3.) In my experience, without going to the doctor to get a concrete diagnosis, a severe-enough cold can have similar-enough symptoms and duration to the flu (minus stomach symptoms, generally) that they can be easily confused. So, as in #2, if you got the flu vaccine and THEN got a severe cold, you may assume that the vaccine gave you the “flu”.

      4.) This part is speculation, but I assume that while injecting dead influenza strengthens your immune system to defeat that live flu if it is encountered later, your immune system is still expending resources in building a defense against that flu; so I would expect a window of time in which your immune system is somewhat compromised due to this, and more susceptible to other things (including, as in #2 or #3, a bad cold or a different flu strain; if you have the bad luck to catch one of these during that window, I would expect it might hit you harder, due to immune resources having been already expended on “fighting” the flu vaccine.)

      I await the Doc or Christopher to tell me I am out of my mind.Report

      • Avatar Gabriel Conroy in reply to Glyph says:

        @glyph

        At least at first blush, those seem like perfectly reasonable points. But yes, if a real doctor (and not a mere history PHD!) chimed in, I’d like to hear it.Report

      • Avatar Mike Schilling in reply to Glyph says:

        I await the Doc or Christopher to tell me I am out of my mind.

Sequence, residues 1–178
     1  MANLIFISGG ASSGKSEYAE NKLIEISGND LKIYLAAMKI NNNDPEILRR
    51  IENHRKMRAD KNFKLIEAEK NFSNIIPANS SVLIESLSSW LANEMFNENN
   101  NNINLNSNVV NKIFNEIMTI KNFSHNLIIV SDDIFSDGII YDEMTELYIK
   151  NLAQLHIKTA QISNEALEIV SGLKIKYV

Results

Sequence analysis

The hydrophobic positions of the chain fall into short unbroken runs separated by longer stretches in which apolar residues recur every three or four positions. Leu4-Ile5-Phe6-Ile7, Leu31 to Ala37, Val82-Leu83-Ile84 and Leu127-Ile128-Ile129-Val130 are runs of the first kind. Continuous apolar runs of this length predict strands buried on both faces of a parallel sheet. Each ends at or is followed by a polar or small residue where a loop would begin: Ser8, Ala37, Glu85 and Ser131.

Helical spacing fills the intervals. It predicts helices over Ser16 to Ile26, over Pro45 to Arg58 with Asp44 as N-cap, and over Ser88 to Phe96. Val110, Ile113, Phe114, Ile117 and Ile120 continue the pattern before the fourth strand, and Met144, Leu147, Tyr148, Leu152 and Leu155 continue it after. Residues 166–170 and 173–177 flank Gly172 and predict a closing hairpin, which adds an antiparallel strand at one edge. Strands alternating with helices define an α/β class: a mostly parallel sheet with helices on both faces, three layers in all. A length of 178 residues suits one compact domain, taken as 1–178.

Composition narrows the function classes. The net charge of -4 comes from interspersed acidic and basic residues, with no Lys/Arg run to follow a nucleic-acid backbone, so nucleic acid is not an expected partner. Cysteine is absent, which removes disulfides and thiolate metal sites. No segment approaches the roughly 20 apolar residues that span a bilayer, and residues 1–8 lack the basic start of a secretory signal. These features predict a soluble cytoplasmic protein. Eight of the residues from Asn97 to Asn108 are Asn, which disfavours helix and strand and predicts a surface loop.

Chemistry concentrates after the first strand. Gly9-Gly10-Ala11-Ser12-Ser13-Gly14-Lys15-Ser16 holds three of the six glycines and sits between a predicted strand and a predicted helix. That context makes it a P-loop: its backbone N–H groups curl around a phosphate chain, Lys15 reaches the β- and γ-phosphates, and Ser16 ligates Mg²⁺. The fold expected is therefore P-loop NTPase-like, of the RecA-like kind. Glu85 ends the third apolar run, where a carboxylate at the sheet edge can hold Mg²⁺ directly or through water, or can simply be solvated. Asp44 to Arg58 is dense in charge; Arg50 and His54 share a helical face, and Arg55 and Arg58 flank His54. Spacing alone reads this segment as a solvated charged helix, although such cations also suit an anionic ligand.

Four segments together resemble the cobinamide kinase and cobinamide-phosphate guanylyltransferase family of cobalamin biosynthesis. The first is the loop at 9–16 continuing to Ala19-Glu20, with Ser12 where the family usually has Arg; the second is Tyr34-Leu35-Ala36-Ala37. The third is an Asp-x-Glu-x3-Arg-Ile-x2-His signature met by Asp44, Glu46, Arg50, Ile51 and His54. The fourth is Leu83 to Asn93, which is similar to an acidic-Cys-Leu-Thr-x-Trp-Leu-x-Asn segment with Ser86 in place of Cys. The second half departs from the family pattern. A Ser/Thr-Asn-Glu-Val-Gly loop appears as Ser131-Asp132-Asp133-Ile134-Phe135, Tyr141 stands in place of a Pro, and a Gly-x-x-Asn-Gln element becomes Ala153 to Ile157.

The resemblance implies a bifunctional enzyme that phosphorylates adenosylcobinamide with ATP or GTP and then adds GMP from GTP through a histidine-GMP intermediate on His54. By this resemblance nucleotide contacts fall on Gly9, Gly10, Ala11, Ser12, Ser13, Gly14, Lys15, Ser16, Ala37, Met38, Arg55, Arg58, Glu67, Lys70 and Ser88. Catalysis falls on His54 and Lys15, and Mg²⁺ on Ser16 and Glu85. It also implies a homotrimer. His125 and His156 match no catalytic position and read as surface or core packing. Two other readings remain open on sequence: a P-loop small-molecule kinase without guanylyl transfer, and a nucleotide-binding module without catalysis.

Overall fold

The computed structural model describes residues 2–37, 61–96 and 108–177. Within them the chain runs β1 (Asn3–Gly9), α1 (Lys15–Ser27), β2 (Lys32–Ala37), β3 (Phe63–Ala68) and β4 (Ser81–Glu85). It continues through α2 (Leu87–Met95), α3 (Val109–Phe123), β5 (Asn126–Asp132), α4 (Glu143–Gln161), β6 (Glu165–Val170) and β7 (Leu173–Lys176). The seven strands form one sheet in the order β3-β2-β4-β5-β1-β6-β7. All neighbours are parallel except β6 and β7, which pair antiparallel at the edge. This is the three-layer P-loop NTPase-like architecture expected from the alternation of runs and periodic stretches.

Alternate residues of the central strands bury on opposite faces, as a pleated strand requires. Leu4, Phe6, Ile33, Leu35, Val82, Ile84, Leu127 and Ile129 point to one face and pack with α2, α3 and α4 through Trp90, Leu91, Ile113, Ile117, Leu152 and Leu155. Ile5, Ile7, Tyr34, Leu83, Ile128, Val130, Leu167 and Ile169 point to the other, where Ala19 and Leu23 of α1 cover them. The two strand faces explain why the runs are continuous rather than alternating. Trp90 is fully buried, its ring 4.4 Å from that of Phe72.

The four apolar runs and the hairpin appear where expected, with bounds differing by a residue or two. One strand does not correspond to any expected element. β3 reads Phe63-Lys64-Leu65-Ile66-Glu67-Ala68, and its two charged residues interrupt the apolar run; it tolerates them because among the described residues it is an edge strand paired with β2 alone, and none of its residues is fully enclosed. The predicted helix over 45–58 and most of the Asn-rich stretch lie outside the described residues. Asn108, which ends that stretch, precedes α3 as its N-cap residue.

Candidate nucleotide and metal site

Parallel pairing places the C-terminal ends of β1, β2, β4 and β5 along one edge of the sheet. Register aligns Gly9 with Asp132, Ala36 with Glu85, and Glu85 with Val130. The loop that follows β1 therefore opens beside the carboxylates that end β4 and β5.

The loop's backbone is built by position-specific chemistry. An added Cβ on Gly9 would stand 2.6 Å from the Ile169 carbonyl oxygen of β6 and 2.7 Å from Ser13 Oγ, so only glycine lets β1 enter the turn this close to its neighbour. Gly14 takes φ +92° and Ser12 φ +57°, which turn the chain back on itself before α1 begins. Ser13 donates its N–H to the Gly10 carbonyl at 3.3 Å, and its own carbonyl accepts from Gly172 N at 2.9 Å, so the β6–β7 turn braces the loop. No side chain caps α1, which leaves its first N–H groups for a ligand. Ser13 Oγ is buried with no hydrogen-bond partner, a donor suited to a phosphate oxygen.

If they’re busy, I can do it.

        Actually, your 2 has the deciding factor for me. It hasn’t been worth the time and expense to get vaccinated for someone’s rough guess at a disease I might be exposed to later. But since my current employer put a table of medical technicians where I’d go past it walking between buildings, why not? It wasn’t a meeting I wanted to be on time to anyway.Report

      • Avatar Kimmi in reply to Glyph says:

        re:4)
        Actually, your body has two different defense systems — one for roughly bacteria and one for viruses. Flu shots ramp up your viral detection/defense system slightly, so you’re more likely to NOT get sick from a virus.Report

    • As far as missing work is concerned, I’ve been fortunate to have a workplace with a lot of sick days and it’s pretty easy to take them. If I had fewer sick days or some other reason to stay working, I probably could’ve sloughed it out.Report

  6. Avatar Pinky says:

    Really interesting article, Gabriel. I wonder how many people object to the vaccine simply because they don’t like needles. But there’s another problem, the general lack of trust of experts. It’s something that we should examine as a society. I know I’ve said it here before, that the crucial skill these days is not acquiring information, but understanding what information to filter out. We’re treating so-called experts as white noise. Why? Because of the number of experts who have been wrong, or the number of non-experts who make themselves look like experts. If I get one more piece of junk mail with “Urgent Notice” printed on the envelope, I’m going to give up on mail entirely.